A Path to International Student Achievement

students in Intensive English Program class

NC State attracts bright students from around the world, and the Office of Global Engagement’s Intensive English Program (IEP) sets them up for academic and social success. Founded in 2011, the program provides high-quality English language instruction to non-native English speakers seeking academic preparation, professional development or personal enrichment.

IEP students develop academic, cultural and technological skills that prepare them for life in and out of the American classroom, and to compete in an increasingly global economy. Students in this full-time, noncredit program meet all of the academic requirements for admission to NC State, but need additional time to improve their English proficiency. They take a placement test upon arrival that determines whether they study at the intermediate, high-intermediate or low-advanced levels of instruction.

“Students participating in IEP dedicate themselves to preparing for campus life and studies by engaging in up to 25 hours per week in classes on writing and grammar, conversation and presentation skills, listening and note-taking, reading and vocabulary, and American life and university culture,” said Karin Sandler, IEP director. “But we go beyond just academic preparation — we’re there to help students when they feel homesick, need insight into navigating social situations or just need a listening ear.”

The IEP also employs NC State undergraduate students through a Student Mentor Program. Mentors attend activities with the students, participate in the program’s American Life and University Culture classes, and give advice about campus life.

Additionally, IEP collaborates with a range of university partners to help students acclimate to campus life. These include Student Health Services, the Counseling Center, Student Legal Services and more.

“In everything we do, we try to simulate what they’re going to experience when they get to campus, in terms of advising, technology in class, the system we use for academic tutoring and coaching, and social interactions,” said Sandler. “The goal is a seamless transition. We want them to leave our program confident and equipped with the skills necessary to achieve their goals.”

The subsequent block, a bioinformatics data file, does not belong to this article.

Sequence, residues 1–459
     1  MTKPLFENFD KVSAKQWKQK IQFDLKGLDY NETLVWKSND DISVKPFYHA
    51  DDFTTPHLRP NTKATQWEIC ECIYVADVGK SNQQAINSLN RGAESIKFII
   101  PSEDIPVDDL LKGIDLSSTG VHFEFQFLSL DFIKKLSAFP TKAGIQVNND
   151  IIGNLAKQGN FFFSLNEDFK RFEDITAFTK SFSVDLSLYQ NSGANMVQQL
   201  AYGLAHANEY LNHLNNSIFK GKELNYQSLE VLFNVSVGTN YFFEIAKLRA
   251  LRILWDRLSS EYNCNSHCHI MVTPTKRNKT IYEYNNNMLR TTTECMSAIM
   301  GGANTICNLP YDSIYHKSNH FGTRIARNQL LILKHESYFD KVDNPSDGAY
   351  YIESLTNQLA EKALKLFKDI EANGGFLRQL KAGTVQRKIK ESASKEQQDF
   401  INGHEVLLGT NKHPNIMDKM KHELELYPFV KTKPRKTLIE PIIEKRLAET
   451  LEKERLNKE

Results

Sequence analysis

To further the mission and vision of IEP, a new program debuted this semester to give international students additional access points to NC State.

Three years in the making, NC State’s Pathway Program combines IEP courses and undergraduate credit courses. Students in select colleges earn academic credit while in the IEP and receive additional support and advising.

“Through the Pathway Program, students get a firsthand look at life on campus through taking a credit course, which will help the transition to full-time study,” said Sandler. “We also enrich our students’ experience by providing a companion one-hour support class to help students with any content or language-related issues they may face in their credit classes.”

Though the pilot Pathway Program is open only to returning IEP students, first-time IEP applicants may be able to enroll in the Pathway Program as early as this fall upon meeting specific eligibility requirements. Future offerings include a public speaking course, also with a companion one-hour language support class.

“We’re really excited about this initiative and how it will expand the reach of the IEP,” said Sandler. “NC State is a global university, and we’re truly living up to that reputation by giving IEP students a strong foundation for success.”